Even if this animated bubble chart were a good visualization choice in this case, several problems in its design would undermine its usefulness. When I first look at it, I was puzzled for awhile about what “03. % Change in IT Spending” meant. I couldn’t understand the significance of “03. %…” It took awhile to figure out that each variable that appears on the graph was numbered, beginning with “01.” and ending with “05.”, which was completely meaningless and confusing.
Unlike the intuitive use of colors to that we saw in the treemap, the rainbow of colors that appear in the bubble chart are ineffective. The order of the various hues as they change from red to blue is not intuitive. Take these colors and ask people to put them in order from high to low and you’ll get a variety of answers.
Also, the ability to switch the quantitative scales from linear to logarithmic certainly makes sense to people who have been trained in statistics, but is confusing to most of the folks who would use this dashboard. For this reason, I believe this feature should be removed. While it is appropriate to include such functionality in a general purpose data analysis tool, custom analytical applications like the Federal CIO Dashboard should eliminate features that aren’t commonly useful and are potentially confusing in an effort to keep the application simple. Even those who understand how to use a log scale don’t need it available on this dashboard, because few of them would be satisfied using this bubble chart, but would rather download the data and explore it using a better analytical tool.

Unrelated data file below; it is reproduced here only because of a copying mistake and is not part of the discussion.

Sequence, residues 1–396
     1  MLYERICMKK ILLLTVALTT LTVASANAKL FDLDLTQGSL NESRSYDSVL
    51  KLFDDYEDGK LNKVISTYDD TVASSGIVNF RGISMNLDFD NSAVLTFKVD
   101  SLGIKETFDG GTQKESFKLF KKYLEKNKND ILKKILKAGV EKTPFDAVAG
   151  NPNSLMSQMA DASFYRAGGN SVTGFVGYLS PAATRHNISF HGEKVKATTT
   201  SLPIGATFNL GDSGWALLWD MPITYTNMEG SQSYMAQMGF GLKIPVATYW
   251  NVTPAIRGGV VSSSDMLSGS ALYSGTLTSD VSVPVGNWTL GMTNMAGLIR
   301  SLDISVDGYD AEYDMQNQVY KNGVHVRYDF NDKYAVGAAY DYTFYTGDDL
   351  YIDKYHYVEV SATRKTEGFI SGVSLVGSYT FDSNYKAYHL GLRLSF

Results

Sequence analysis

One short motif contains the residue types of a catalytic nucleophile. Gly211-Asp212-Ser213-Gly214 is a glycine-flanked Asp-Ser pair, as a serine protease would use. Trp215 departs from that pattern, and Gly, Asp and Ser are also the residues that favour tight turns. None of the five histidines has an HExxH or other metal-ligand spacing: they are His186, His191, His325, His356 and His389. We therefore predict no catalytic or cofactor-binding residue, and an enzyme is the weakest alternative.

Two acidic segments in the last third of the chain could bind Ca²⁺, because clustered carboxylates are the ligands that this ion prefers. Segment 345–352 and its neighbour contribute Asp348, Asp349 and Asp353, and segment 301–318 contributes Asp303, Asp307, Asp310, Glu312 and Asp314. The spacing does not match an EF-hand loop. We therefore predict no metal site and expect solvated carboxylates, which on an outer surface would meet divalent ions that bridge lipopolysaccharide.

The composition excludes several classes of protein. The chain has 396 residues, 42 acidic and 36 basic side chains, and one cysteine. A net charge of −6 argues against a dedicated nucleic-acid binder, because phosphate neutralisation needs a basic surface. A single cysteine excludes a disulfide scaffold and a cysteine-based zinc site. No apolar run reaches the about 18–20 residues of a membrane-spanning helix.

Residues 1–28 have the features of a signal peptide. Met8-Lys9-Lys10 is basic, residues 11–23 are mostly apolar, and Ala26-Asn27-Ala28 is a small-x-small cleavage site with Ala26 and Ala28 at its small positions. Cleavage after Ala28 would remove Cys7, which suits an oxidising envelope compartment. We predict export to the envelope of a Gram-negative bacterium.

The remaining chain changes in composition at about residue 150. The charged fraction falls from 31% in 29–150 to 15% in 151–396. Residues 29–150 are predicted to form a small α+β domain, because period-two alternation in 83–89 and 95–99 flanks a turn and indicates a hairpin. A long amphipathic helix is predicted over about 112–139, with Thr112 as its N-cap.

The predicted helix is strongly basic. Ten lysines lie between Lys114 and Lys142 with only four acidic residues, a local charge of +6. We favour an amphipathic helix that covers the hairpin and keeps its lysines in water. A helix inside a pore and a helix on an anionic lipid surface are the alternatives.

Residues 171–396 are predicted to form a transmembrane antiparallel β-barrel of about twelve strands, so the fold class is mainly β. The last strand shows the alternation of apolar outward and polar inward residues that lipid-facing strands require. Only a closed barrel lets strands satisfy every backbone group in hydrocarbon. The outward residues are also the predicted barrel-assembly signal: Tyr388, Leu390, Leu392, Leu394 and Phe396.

For those who recognize the limitations and flaws of the bubble chart, an alternative in the form of a bar graph is available. For our entertainment pleasure, when switching between the two, the bubbles morph into bars before our eyes and line themselves up along the horizontal axis.
The bar chart version is just plain silly. None of the bars are labeled until you click on them one at a time to make labels such as “Education (Dept of)” and “Homeland Security (Dept of)” appear. Knowing only the identity of the selected bars (the others remain unlabeled) and watching the bars move around as spending changes through time is eye-catching but almost totally meaningless. Once again, simple line graphs for comparing changing values for the selected items would do the job much better.
Because I wanted to learn something more useful about federal IT spending, I decided to take advantage of the data feeds that are provided, but once again ran into a wall. Unfortunately, the information that can be downloaded is limited to a current year’s snapshot, which includes three variables—total spending, new/upgrades spending, and maintenance spending—broken into three time-based categories: last year’s actual spending, the current year’s enacted spending, and next year’s budgeted spending. Time series aren’t available nor is there a way to compare actual to plan. In other words, the comparisons that I would have found most meaningful couldn’t be made based on the information that’s available.
I want to encourage Vivek Kundra to complement his fine intentions with more effective designs. There’s no need to duplicate the mistakes that most businesses still make when working with information. Data analysis and presentation best practices are not a mystery and aren’t difficult to learn. Several of us who know and care about this are available to help. I suspect that others would be willing, as I am, to assist free of charge. America can do better than this. We have a great opportunity to use information technology to make the world a better place. Let’s not miss it.